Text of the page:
OPINION | Marles torpedoes French subs, but is yet to explain nuclear advantage
Of all the places to drop a bombshell about Australia’s quest for new submarines, could Defence Minister Richard Marles have picked a worse one than Paris? The question put to Marles in the recent joint press conference with Foreign Minister Penny Wong and their French counterparts was whether France had any hope of securing a contract for an interim submarine, in light of the fact that Australia’s nuclear-powered boats are likely to arrive too late to prevent a gap after the retirement of the existing Collins-class boats:
“… there are no plans for any … conventionally powered interim submarine capability, as we move towards gaining the nuclear-powered submarine capability, which we are working towards.”
It was less than 18 months ago that former Prime Minister Scott Morrison ripped the heart out of the Australia-France relationship by announcing the cancellation of the deal to buy 12 French-designed submarines in favour of a US or UK nuclear-powered design. Granted, France’s response was overwrought. After all, there was a cancellation clause in the contract, which included generous compensation. Australia merely exercised it. Still, for Marles to stand before senior members of the French government in their own capital to announce that France had no chance of a face-saving deal for an interim submarine seems impolitic.
I don’t share many of the views of The Australian’s foreign editor Greg Sheridan on defence policy, but he was the first to point to the extreme risk of the AUKUS agreement, and to question whether we will get the nuclear-powered submarines at all. Sheridan’s response to the Marles comment is also interesting.
“Another interpretation is that the navy is against any gap-filler submarine because such a project could go from being an interim solution to a fall-back solution.”
On Marles ruling out an interim submarine, Sheridan says that the navy, “has won a big political battle here”. Sheridan doesn’t explain further, but one way to interpret him is that the navy thinks the Defence Department simply cannot handle three submarine projects (AUKUS, the Collins-class life-of-type extension, and the interim boat) at once.
Another interpretation is that the navy is against any gap-filler submarine because such a project could go from being an interim solution to a fall-back solution. In other words, Australia needs to walk a tight rope towards a nuclear-powered submarine, and the navy would prefer we do it without a net, because the net would merely tempt us to make a soft landing rather than cross the ravine towards AUKUS.
Sheridan goes on to list the many ways the AUKUS project could go wrong. America doesn’t have enough production capacity. Australia doesn’t have the crews or facilities. Australian politics is too unstable to offer 20-plus years of support. Nuclear-powered submarine production in Adelaide is a “fantasy”.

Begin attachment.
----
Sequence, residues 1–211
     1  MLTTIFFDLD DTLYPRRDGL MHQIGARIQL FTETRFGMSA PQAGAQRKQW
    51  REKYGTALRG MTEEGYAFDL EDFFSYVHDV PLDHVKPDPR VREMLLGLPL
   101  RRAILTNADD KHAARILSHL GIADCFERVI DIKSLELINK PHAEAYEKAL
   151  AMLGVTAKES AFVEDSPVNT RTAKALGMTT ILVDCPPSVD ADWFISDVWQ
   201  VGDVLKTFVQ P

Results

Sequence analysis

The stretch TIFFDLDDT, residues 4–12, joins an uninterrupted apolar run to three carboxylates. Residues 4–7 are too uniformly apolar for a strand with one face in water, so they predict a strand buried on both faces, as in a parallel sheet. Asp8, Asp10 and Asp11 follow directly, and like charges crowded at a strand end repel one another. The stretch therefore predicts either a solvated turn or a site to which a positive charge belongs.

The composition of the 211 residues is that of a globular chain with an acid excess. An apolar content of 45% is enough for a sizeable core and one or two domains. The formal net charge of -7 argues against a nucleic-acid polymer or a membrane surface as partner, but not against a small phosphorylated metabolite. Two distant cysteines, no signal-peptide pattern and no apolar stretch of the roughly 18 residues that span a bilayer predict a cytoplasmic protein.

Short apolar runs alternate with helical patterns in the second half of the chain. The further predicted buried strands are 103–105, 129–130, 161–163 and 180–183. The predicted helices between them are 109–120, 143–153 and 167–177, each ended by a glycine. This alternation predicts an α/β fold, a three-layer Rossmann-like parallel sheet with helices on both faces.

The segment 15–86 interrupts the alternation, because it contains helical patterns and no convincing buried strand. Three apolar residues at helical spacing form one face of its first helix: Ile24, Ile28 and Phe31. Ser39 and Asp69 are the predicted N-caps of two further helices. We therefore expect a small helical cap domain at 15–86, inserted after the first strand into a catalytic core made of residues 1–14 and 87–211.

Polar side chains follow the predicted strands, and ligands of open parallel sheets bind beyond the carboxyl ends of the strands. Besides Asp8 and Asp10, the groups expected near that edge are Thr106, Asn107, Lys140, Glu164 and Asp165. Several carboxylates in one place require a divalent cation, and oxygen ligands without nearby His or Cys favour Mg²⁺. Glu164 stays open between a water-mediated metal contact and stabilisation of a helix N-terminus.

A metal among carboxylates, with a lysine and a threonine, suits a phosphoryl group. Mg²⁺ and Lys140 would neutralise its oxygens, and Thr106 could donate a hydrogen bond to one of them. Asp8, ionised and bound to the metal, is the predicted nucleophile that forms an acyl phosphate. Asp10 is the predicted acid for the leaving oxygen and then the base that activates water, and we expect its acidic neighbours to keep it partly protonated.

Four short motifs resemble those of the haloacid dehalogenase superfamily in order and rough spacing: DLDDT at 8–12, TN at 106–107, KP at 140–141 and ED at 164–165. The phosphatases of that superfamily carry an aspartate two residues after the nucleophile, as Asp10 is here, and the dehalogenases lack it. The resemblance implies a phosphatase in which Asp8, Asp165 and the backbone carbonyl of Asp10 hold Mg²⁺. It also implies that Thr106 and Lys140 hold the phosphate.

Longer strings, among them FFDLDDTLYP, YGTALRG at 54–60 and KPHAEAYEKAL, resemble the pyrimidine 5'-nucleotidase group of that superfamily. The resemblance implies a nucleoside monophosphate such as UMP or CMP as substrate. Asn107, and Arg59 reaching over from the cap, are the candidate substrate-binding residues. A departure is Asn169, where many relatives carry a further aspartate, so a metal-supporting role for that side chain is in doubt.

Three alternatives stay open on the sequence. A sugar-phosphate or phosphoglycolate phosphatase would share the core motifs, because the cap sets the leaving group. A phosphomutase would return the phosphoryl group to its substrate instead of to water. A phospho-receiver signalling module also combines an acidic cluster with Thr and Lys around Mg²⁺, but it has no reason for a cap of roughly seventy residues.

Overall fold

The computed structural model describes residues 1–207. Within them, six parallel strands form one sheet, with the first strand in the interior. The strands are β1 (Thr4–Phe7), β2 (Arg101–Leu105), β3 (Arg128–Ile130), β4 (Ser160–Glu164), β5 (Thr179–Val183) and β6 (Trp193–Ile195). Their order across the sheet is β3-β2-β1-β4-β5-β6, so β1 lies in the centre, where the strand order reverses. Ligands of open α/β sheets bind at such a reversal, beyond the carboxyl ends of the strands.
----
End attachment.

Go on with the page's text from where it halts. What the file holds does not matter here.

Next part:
“There are still substantial sections of the US Navy and industry which are against this program,” He also says. “There are also substantial parts of the UK Labour Party against it.”
“Merely having ‘the best’ is not a good enough reason for Australia to embark on this massively costly and risky project.”
Can I humbly suggest to Australian journalists posted in Washington and London that this part of the AUKUS story is under-reported? AUKUS was so secretive in conception that bureaucratic involvement was kept to a bare minimum. It was an agreement conceived at the political level and largely kept there until it was publicly announced. It is not surprising that it should now be meeting bureaucratic resistance, but that story is yet to be fully told.
In light of all that, it is mildly astonishing for Sheridan to conclude that, “nuclear submarines are the best and we should proceed, notwithstanding the difficulties”. No, merely having “the best” is not a good enough reason for Australia to embark on this massively costly and risky project. We need a much better reason.
Let’s hope that when the government finally makes an announcement about the future submarine in March, they tell us not just what model we are getting and what it can do, but why we need them. Just hinting that it’s all about China or making loose references to “deterrence” will not do. There are many ways to deter China; why are we choosing this one?
This story originally appeared on The Interpreter, published by the Lowy Institute for International Policy.
Sam Roggeveen is Director of the Lowy Institute’s International Security Program. Before joining the Lowy Institute, he was a senior strategic analyst in Australia’s Office of National Assessments, where his work dealt mainly with North Asian strategic affairs, including nuclear strategy and Asian military forces. He also worked on arms control policy in Australia’s Department of Foreign Affairs, and as an analyst in the Defence Intelligence Organisation.